Prior to the start of a District Court bench trial of a defendant charged with various motor vehicle offenses, the judge was not warranted in dismissing the complaints on his own initiative, either with or without prejudice, in response to the prosecutor's statement that she would need a continuance because the arresting officer was on active duty with the National Guard, where there was no showing of misconduct by the Commonwealth or prejudice to the defendant. 
COMPLAINTS received and sworn to in the Wareham Division of the District Court Department on November 21, 1986.
After transfer to the jury session of that court, the cases were dismissed by Paul E. Ryan, J.
Linda M. Fleming, Assistant District Attorney, for the Commonwealth.
James R. McMahon, Jr., for the defendant.
PERRETTA, J. At the second call of the trial list, the defendant answered that he was prepared to go forward on complaints charging him with operating a motor vehicle while under the influence of intoxicating liquor, speeding, failing to stay within marked lanes, and driving so as to endanger the safety of the public. The prosecutor responded that she would need a continuance as the arresting officer was on active duty with the National Guard. The judge dismissed the complaints on his own motion without indicating whether the dismissals were with prejudice. As there was no showing of misconduct by the Commonwealth or prejudice to the defendant, it was error to dismiss the complaints with or without prejudice. We reverse.
I. The Facts.
We relate the facts as they appear from the docket entries and transcript. The complaints were brought on November 21, 1986. The defendant was arraigned that same day. He waived his right to a jury trial in the first instance and agreed to a pretrial conference date of January 5, 1987. That date was thereafter twice rescheduled (January 13 and January 29) by agreement. On January 29, the case was assigned for trial on April 28.
On February 11, however, the defendant withdrew his jury trial waiver. The complaints were then entered on the docket for a first instance jury trial, see G. L. c. 218, Sections 26A and 27A, and a pretrial conference was scheduled for March 11. On that date, the parties announced that discovery had been completed. Trial was set for May 22. On April 30, the prosecutor had a summons issue to the arresting officer at the Middleborough police department.
At the first call of the list on May 22, the defendant answered that he was ready for trial and the prosecutor replied that she "expects to be ready." At the second call, however, after the defendant again answered that he was ready, the prosecutor advised the judge: "[T]he Commonwealth is informed that the arresting officer is in the National Guard and this is the first time the case has been in for trial. Based upon that, Your Honor, the Commonwealth will be requesting a continuance." Without inquiry of the prosecutor or a response from defense counsel, the judge ordered the complaints dismissed.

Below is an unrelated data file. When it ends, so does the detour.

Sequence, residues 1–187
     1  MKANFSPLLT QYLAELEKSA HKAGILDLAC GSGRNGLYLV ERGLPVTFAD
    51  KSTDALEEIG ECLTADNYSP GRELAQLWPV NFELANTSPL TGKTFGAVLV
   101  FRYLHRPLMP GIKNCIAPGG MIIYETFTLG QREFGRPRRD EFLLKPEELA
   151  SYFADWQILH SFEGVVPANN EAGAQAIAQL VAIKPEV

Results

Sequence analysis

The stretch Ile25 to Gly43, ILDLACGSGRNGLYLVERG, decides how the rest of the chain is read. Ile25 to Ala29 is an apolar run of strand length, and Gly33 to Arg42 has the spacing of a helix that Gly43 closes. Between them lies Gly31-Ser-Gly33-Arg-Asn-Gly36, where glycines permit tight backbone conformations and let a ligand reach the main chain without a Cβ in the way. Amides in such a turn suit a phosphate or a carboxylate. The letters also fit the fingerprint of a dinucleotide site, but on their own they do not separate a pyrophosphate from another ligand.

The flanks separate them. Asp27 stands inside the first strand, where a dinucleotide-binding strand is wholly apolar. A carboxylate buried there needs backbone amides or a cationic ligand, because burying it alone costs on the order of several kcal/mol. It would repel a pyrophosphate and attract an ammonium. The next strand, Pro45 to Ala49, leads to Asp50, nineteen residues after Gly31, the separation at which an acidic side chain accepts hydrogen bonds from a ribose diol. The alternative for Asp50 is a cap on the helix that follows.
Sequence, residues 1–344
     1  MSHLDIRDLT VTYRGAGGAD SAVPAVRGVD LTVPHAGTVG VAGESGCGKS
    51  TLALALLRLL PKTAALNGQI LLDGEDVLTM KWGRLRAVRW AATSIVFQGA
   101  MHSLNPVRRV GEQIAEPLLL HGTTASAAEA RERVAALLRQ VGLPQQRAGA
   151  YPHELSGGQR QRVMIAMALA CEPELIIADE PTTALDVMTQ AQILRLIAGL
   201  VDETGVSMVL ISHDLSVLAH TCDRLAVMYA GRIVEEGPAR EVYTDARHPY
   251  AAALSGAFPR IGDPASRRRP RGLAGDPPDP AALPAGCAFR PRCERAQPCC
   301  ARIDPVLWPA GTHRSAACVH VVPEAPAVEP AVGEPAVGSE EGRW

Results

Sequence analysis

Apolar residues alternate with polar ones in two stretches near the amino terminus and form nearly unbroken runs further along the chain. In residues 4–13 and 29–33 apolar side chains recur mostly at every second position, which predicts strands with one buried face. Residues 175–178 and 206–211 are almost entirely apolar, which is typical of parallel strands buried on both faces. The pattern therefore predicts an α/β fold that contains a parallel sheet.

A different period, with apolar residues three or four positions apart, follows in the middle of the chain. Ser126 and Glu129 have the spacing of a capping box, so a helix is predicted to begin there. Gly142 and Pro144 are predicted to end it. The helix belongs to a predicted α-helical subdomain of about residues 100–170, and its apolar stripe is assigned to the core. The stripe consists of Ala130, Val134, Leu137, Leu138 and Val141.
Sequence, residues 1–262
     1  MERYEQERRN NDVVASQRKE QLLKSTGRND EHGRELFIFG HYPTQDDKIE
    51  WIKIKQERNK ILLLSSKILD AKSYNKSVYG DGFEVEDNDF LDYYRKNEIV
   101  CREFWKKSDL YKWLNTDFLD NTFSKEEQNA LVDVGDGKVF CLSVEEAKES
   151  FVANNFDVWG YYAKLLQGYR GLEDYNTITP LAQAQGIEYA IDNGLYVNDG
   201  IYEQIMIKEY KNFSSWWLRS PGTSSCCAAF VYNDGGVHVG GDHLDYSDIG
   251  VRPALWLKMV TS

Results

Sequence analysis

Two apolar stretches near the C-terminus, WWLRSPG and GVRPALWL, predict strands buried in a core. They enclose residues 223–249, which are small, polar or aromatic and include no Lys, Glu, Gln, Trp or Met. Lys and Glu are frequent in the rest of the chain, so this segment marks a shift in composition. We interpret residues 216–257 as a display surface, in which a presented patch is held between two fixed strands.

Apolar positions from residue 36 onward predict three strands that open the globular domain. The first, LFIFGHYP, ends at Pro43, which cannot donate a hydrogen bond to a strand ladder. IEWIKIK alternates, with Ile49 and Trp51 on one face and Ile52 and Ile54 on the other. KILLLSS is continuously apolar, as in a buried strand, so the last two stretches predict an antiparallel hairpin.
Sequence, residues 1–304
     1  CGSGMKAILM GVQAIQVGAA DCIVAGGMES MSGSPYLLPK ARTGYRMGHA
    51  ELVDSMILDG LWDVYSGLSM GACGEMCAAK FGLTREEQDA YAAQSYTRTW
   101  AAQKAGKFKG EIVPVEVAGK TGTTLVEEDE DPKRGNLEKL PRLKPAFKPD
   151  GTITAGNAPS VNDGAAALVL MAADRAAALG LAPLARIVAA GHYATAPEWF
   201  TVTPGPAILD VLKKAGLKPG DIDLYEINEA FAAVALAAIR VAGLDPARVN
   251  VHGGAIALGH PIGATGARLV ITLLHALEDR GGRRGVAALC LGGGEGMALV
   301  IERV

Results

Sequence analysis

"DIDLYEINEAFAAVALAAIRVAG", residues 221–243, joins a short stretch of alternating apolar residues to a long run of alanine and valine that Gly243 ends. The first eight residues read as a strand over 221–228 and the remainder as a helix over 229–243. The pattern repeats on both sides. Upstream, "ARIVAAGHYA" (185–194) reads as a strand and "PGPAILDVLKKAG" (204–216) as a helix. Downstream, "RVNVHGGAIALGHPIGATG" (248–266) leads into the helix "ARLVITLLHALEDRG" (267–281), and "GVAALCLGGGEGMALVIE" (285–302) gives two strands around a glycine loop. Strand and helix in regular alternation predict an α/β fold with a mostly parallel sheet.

It appears from the docket entries that, after the Commonwealth filed its notice of appeal, both the Commonwealth and the defendant filed proposed findings of fact. The judge then gave written reasons for his order. After noting that the case had been scheduled for trial for two months, that the defendant and his witnesses (apparently five) were present, and that a person called to active duty with the National Guard knows "well in advance" the date of such duty, the judge found and concluded that the arresting officer's failure to notify anyone of his inability to appear was "negligent and prejudicial to the defendant."
There is nothing in the record before us which shows that dismissal of the complaints, with or without prejudice, was warranted. See Commonwealth v. Cronk, 396 Mass. 194 , 198-199 (1985); Commonwealth v. Anderson, 402 Mass. 576 , 579 (1988). Even assuming that the arresting officer had been negligent, his conduct cannot be regarded as "so egregious as to require dismissal of the complaint[s]." Commonwealth v. Light, 394 Mass. 112 , 115 (1985).
Moreover, we do not see any support in the record before us for the judge's finding that the officer was negligent in failing to notify anyone of his National Guard duty. There is no indication whether the officer had been informed of the trial date prior to the issuance of the summons, whether the summons was served before or after he left for active duty, or whether he had arranged or reasonably expected that another officer within the police department would timely explain his inability to appear on the scheduled trial date. Because the prosecutor had summonsed the officer, the judge had the power to ascertain this information and guarantee the officer's presence at trial upon his return from the National Guard. See Mass.R.Crim.P. 17(e), 378 Mass. 887 (1979). Cf. Mass.R.Civ.P. 45(e), 365 Mass. 811 (1974).
Additionally, although the judge found that the officer's conduct was prejudicial to the defendant, the only fact on this record to lend support to that finding is that the defendant's five witnesses were present. We do not minimize the inconvenience caused by the turn of events, but we do not view that fact, standing alone, as sufficient to constitute prejudice justifying dismissal of the complaints. Compare Commonwealth v. Anderson, 402 Mass. at 579; Commonwealth v. Joseph, ante 516, 519, 520 (1989). Cf. Commonwealth v. Ambers, 4 Mass. App. Ct. 647 , 651-654 (1976); Smith, Criminal Practice & Procedure Section 1125 (2d ed. 1983).
The order dismissing the complaints is vacated, and the cases are remanded to the District Court to stand for trial.